“I believe it’s no coincidence,” said Adi Panuntun, founder and creative head of Sembilan Matahari. “When the provincial government asked us to present another video-mapping on the exact same day and location, it means that the universe supports this project.”
Adi refused to divulge details of the video, only adding: “The video depicts water as a source of inspiration for revitalizing the Old Town.”
The four-day festival will also feature 55 vendors of the best local cuisines in Jakarta, all of which were selected by food critic and writer Laksmi Pamuntjak.
“We treat food as art in this festival,” Lin Che Wei said. “Everything is carefully curated by experts.”
In addition, contemporary creations by 47 renowned Indonesian artists will be displayed in Galleria Fatahillah, a new art space on the second floor of the Fatahillah Post Office.
Senior art collectors Dr. Oei Hong Djien and Heri Pemad Art Management selected the pieces showcased in the exhibition, including an installation called “Taxi Lover” by Angki Purbandono and a sculpture by Dolorosa Sinaga. Bandung-based visual artist Tisna Sanjaya will present a performance art action painting during the opening night by using asphalt, mud and paints on a large canvas.
The exhibit will run through Sept. 13 to “give maximum exposure to these artists and boost their careers,” Oei said.
Despite the festivities, Jeforah members realize much still needs to be done.
“We don’t aim to wow the public with a series of spectacular events in the festival,” said senior poet, writer and social activist, Goenawan Mohamad, who chairs the consortium’s advisory board. “We realize that we still have a long way to go [in revitalizing the Old Town]. We just want to let the people know that something positive is being done.”
|Pedestrians enjoy street food in Jakarta’s Kota Tua. (AFP Photo/Romeo Gacad)|
The Fiesta Fatahillah will also mark the opening of a Visitor’s Center on the ground floor of the Fatahillah Post Office.
“The visitor’s center will provide anyone who is interested with detailed information regarding the project,” Lin Che Wei said.
A very important part of the revitalization plan is to convert the Kota Tua area into a special trade and business center.
“Economic activities are needed to sustain this area,” Lin Che Wei said. “However, every utilization and development plan is subject to the approval of [Jeforah’s] advisory board.”
These activities will involve art and culture, education, lifestyle (food, fashion and entertainment), MICE (meeting, incentive, convention, exhibition), creative industries and finance.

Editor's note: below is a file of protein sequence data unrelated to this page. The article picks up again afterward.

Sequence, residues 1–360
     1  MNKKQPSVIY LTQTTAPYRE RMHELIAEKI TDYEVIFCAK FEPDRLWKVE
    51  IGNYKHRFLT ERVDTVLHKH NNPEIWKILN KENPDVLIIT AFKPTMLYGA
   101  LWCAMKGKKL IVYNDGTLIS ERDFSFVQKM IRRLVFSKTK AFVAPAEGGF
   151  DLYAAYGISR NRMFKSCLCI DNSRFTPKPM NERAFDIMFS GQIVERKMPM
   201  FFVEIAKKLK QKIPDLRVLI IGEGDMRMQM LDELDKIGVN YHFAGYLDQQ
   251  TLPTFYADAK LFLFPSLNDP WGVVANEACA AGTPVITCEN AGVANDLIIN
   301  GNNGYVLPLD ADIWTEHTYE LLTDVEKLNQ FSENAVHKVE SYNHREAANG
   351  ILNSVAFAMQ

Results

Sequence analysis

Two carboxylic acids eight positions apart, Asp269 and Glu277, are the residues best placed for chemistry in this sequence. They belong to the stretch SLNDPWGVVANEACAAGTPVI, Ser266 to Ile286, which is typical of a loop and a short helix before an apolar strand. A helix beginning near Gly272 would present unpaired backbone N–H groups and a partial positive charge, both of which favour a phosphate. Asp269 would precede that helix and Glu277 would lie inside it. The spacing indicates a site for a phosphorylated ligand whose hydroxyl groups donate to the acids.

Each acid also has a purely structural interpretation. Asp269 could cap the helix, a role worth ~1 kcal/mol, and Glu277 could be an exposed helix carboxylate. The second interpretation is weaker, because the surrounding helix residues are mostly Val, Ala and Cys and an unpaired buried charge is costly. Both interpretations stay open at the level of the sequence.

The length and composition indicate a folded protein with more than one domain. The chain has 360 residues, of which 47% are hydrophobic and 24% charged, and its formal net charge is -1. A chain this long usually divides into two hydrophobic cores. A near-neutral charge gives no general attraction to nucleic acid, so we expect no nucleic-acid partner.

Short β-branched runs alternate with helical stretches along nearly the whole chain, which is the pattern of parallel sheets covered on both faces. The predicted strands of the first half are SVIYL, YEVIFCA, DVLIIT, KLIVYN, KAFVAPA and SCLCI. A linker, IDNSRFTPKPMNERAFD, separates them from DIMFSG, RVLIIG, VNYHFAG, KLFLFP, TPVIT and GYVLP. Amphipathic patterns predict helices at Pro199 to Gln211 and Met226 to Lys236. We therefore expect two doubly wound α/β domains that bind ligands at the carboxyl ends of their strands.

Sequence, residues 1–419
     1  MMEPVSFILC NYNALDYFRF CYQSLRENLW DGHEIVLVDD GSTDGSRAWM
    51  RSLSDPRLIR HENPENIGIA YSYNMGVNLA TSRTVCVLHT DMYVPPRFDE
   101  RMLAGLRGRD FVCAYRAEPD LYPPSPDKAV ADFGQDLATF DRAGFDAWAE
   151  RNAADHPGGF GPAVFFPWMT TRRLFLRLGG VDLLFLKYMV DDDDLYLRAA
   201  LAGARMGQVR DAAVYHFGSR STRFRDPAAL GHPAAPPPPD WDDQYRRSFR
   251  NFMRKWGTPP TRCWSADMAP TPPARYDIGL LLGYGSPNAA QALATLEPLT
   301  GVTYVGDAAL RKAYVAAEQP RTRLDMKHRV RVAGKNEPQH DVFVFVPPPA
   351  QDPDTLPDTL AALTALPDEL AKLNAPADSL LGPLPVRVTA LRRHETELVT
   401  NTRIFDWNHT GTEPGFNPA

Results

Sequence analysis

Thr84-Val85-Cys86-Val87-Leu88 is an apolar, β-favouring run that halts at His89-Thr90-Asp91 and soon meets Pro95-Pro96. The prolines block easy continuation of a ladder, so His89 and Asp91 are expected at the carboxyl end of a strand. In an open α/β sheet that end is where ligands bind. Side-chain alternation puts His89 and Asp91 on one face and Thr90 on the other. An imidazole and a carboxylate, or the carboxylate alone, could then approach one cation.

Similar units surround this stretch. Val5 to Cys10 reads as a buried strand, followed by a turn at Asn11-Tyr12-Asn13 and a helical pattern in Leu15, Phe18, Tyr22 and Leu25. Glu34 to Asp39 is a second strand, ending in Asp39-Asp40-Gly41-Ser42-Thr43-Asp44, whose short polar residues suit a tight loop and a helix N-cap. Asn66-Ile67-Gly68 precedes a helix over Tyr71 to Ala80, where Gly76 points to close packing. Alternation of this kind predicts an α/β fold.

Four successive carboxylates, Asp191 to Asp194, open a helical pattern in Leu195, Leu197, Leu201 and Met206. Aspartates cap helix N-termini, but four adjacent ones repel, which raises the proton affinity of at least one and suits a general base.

“The advisory board guarantees there will be no gentrification and no change to the old buildings,” Goenawan said.
Instead, owners of Kota Tua’s colonial buildings will be encouraged to renovate.
“The provincial government will enact new regulations for building owners,” Arie of Jakarta Tourism said.
Under the new regulations, owners who neglect their property will be given a large penalty, while those who agree to renovate and maintain their structures will enjoy significant discounts on land and building taxes.
“Those who cannot afford to renovate their old buildings, may send their proposals to us,” Arie said.
“The governor has agreed to contribute a portion of Jakarta’s development budget to renovate some of these historical buildings.”
Jeforah and Jotrc aim to renovate 85 colonial structures in the area within the first five years of the project.
On the opening night of the festival, the Indonesia Port Corporation (Pelindo) will also sign an agreement with Jeforah and Jotrc to revitalize the 33-hectare area of the historic Sunda Kelapa Harbor.
“Everything is already on track,” Arie said. “With the right people on our team, I’m optimistic the plan will be executed properly.”
The government is also working on a traffic master plan to alleviate the heavy traffic jams in this area and planning to build more sidewalks for tourists.
“This is our starting point,” Lin Che Wei said. “With the commitment and participation of all stakeholders, I’m positive that Kota Tua can once again be a wonderful place to live, work and play.”
A revitalized Kota Tua can play an important role in promoting Jakarta as a destination offering more than just malls and traffic gridlock.
March 13 to 16
5 p.m. to 10.30 p.m.